The PC market rebounded last year, sporting the highest growth rate in a decade, industry analysts said this week, pinning credit (or blame) on the coronavirus pandemic.
Research firm IDC pegged 2020’s global shipments of personal computers at 302.6 million devices, a 13% increase over the year prior, which represented the largest annual gain since 2010. The shipment volume was the largest since 2014, said Jitesh Ubrani, research manager with IDC’s mobile device trackers team, in an interview.
The turnaround was striking: Of the past 10 years, six saw year-over-year declines while one had been flat.
Gartner Research, an IDC rival, also claimed a notable boost in PC shipments. Even though Gartner’s numbers for 2020 differed from IDC’s — the former firm said last year’s increase was just under 5%, less than half IDC’s — it agreed that that growth was the highest measured since 2010.
The difference between IDC’s and Gartner’s total shipments for the year — 302 million and 275 million, respectively — was largely due to the former counting Chromebooks as personal computers, while the latter did not.
“A lot of volume early in the year was because companies had people working at home,” said Ubrani, reflecting on the spring months, when businesses worldwide first shuttered, then asked employees to work from home. Enterprises, Ubrani said, purchased large numbers of laptops to equip those suddenly-remote workers, the sales volume at times sufficient to completely throttle the component supply chain.
School districts soon added their PC demands to the rising chorus as many tried to equip their students with devices — low-cost laptops in almost all cases — so that children could learn remotely. “School systems were not used to one-for-one,” Ubrani said, referring to PC-to-student ratios. “They were used to students sharing laptops.”
A third group — families with school-aged children — joined in on the rush-to-PCs, adding machines to the household when school districts did not (or simply could not) step in.
“Beyond the enterprise and educational [markets], there has been a lot of strength in the consumer market,” said Ubrani, citing not only the desire of families to give each child their own notebook but also an increase in interest in gaming-centric PCs. Hunkered down at home for long stretches of lockdowns and quarantine, families needed entertainment distractions; some solved that by buying not only PC gaming rigs but also spending more on game titles.
Consumers also rediscovered PCs in the past nine months, Ubrani said. “Many of them had gone years since buying a PC,” he noted, and as at-home orders lengthened — or returned — realized their old machines didn’t cut it in gaming, crafts or other projects. “They found they needed a new device.”
The PC industry benefited from the pains suffered by other areas of the economy, Ubrani contended. Some families and individuals had more disposable income available during the pandemic because they weren’t spending the usual amounts on travel, say, or dining or out-of-the-house entertainment.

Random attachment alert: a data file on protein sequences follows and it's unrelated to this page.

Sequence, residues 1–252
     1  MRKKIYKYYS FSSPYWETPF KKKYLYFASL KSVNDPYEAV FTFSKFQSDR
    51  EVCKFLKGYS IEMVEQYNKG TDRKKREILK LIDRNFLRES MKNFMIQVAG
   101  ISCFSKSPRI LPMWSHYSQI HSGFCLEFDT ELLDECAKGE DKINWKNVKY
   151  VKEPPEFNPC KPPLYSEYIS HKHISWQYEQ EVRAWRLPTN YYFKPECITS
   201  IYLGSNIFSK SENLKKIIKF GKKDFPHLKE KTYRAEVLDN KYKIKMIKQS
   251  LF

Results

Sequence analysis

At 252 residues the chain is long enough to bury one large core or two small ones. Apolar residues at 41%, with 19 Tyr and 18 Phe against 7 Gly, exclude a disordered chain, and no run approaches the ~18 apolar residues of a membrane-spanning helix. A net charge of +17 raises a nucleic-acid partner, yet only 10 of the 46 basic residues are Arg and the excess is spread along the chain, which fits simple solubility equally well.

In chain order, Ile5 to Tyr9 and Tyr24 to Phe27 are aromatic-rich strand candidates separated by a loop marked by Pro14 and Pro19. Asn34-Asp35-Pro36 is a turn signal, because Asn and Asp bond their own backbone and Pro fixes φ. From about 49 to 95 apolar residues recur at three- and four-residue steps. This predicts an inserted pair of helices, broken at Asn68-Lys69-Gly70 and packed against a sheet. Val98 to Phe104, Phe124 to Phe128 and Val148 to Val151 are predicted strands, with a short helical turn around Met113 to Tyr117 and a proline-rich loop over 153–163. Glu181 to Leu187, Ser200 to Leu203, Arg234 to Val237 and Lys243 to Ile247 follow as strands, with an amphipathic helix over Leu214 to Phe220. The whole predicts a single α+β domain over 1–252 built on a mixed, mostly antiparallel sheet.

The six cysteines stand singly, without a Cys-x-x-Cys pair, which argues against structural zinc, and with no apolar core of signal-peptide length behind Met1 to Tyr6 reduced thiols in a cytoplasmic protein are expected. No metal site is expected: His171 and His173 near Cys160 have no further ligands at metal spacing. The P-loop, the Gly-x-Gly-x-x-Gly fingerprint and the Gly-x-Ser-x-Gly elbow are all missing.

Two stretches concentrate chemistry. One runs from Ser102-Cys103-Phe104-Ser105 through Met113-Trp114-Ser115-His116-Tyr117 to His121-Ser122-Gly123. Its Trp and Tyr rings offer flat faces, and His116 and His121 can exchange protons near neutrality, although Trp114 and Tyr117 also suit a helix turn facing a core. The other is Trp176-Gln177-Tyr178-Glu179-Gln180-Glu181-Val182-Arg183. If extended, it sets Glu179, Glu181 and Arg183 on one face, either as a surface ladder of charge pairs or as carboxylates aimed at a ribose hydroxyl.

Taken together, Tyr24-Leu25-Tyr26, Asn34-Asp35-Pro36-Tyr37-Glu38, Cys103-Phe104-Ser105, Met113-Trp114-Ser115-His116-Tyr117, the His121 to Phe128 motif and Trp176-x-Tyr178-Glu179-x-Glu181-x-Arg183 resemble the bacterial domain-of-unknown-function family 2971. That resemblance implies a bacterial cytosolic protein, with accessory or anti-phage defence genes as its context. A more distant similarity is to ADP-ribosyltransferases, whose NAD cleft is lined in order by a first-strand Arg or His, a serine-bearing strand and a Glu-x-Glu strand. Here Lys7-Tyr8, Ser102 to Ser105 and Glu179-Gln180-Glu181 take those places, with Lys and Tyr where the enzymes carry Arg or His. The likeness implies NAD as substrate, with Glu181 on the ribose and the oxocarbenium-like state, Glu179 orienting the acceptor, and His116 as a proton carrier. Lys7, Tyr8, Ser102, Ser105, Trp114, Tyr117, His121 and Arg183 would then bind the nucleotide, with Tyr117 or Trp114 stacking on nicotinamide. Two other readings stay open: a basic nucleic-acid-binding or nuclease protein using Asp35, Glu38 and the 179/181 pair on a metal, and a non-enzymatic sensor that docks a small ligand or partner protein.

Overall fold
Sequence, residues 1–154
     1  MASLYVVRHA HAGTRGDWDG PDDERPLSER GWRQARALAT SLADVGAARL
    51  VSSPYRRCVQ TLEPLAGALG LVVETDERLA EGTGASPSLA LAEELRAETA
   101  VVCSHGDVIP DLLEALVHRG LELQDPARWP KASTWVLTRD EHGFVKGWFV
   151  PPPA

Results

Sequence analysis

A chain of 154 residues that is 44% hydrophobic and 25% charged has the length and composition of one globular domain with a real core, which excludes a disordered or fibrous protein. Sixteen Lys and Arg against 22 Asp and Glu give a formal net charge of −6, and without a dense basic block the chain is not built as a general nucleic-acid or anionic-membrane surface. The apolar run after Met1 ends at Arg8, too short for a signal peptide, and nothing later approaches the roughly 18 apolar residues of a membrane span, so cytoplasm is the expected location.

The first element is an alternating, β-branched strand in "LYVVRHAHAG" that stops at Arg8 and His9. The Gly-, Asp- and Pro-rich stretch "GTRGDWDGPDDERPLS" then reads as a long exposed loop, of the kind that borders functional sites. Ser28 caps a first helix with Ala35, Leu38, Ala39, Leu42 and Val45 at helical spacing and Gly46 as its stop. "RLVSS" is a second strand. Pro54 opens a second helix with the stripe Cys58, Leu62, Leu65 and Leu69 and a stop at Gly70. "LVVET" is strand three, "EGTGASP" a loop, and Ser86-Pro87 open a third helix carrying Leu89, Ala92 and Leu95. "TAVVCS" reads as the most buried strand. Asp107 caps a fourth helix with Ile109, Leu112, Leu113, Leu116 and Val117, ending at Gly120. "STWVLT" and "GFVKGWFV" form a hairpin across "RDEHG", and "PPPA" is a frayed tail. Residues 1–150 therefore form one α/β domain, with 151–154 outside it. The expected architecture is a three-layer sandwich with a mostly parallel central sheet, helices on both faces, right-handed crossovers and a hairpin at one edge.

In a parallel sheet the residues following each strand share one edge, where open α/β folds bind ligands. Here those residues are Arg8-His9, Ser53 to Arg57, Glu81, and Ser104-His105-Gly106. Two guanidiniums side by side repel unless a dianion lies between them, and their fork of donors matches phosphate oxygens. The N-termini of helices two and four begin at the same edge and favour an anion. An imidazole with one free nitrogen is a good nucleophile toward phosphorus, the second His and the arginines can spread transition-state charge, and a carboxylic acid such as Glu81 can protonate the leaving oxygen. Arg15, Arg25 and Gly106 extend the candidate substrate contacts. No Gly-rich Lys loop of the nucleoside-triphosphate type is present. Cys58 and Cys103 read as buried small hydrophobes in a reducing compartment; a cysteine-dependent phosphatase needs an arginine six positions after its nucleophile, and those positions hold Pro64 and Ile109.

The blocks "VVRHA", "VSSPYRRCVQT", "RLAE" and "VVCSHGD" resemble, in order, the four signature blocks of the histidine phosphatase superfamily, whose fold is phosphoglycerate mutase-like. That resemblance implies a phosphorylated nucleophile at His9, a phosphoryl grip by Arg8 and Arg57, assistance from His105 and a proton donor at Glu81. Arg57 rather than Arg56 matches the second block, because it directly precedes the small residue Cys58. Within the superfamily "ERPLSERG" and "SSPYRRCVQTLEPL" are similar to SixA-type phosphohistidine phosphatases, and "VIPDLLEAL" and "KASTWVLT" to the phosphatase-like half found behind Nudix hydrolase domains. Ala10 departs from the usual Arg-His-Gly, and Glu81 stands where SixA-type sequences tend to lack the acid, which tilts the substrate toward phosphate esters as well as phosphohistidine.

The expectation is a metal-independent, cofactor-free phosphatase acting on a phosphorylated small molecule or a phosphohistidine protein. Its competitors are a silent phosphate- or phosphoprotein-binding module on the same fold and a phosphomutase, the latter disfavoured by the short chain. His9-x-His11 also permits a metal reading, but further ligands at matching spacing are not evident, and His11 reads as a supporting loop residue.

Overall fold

In fact, Ubrani expected that consumer PC buying would continue to recover from the past decade, when many — including some here at Computerworld — were writing off that market as not only moribund but also purposeless in the face of smartphones and tablets. “I think this shows that there has been a resetting and rethinking of the importance of PCs” for consumers, Ubrani said.
Lenovo, HP, Dell, Apple and Acer booked the largest PC shipment numbers for 2020 (and in that order), IDC reported. Gartner’s numbers were preliminaries, like IDC’s, and ranked the vendors in the same order, albeit with different year-end tallies.
Apple easily took honors as the Big 5 vendor with the highest year-over-year growth rate in 2020, posting a 29% gain by IDC’s data and a 23% increase in Gartner’s estimate. IDC pegged Apple’s shipments at 23.1 million for the year; Gartner tapped it as 22.5 million.
Chromebooks, the label applied to laptops powered by Google’s Chrome browser-based operating system (Chrome OS), also surged in 2020, analysts said.
Gartner said that the December 2020 quarter witnessed a 200% year-over-year increase in Chromebook shipments, reaching 11.7 million units. Over the course of the full year, Chromebook shipments grew by more than 80%, totally nearly 30 million.
IDC put Chromebook laptop shipments at 19.6 million through the end of the September quarter, or analogous to Gartner’s count for the same nine-month stretch. (Numbers were still being tabulated for the December 2020 quarter, Ubrani said.)
“Demand is pushing the PC market forward and all signs indicate this surge still has a way to go,” said Ryan Reith of IDC, who leads the firm’s mobile device trackers group, in a statement. “In retrospect, the pandemic not only fueled PC market demand but also created opportunities that resulted in a market expansion.”
Ubrani agreed. Although he expects a slight slowdown in shipments to businesses during 2021, consumer shipments are projected to increase through 2024. “We’ll see a lot of demand in 2021 because some of that went unfulfilled [in 2020]. Those orders slipped from the end of 2020 into early 2021,” Ubrani said.